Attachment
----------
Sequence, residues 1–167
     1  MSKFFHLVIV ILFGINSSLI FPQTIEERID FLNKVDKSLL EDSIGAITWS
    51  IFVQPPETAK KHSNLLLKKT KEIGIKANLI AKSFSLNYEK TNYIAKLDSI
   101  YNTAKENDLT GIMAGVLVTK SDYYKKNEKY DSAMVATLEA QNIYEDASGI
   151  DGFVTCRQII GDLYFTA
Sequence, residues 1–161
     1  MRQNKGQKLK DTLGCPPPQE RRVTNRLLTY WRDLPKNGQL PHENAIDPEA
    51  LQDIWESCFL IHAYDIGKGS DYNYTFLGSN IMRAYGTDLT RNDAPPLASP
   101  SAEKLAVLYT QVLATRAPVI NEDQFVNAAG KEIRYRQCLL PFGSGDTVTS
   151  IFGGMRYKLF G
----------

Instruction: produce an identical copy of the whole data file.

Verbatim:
Sequence, residues 1–167
     1  MSKFFHLVIV ILFGINSSLI FPQTIEERID FLNKVDKSLL EDSIGAITWS
    51  IFVQPPETAK KHSNLLLKKT KEIGIKANLI AKSFSLNYEK TNYIAKLDSI
   101  YNTAKENDLT GIMAGVLVTK SDYYKKNEKY DSAMVATLEA QNIYEDASGI
   151  DGFVTCRQII GDLYFTA
Sequence, residues 1–161
     1  MRQNKGQKLK DTLGCPPPQE RRVTNRLLTY WRDLPKNGQL PHENAIDPEA
    51  LQDIWESCFL IHAYDIGKGS DYNYTFLGSN IMRAYGTDLT RNDAPPLASP
   101  SAEKLAVLYT QVLATRAPVI NEDQFVNAAG KEIRYRQCLL PFGSGDTVTS
   151  IFGGMRYKLF G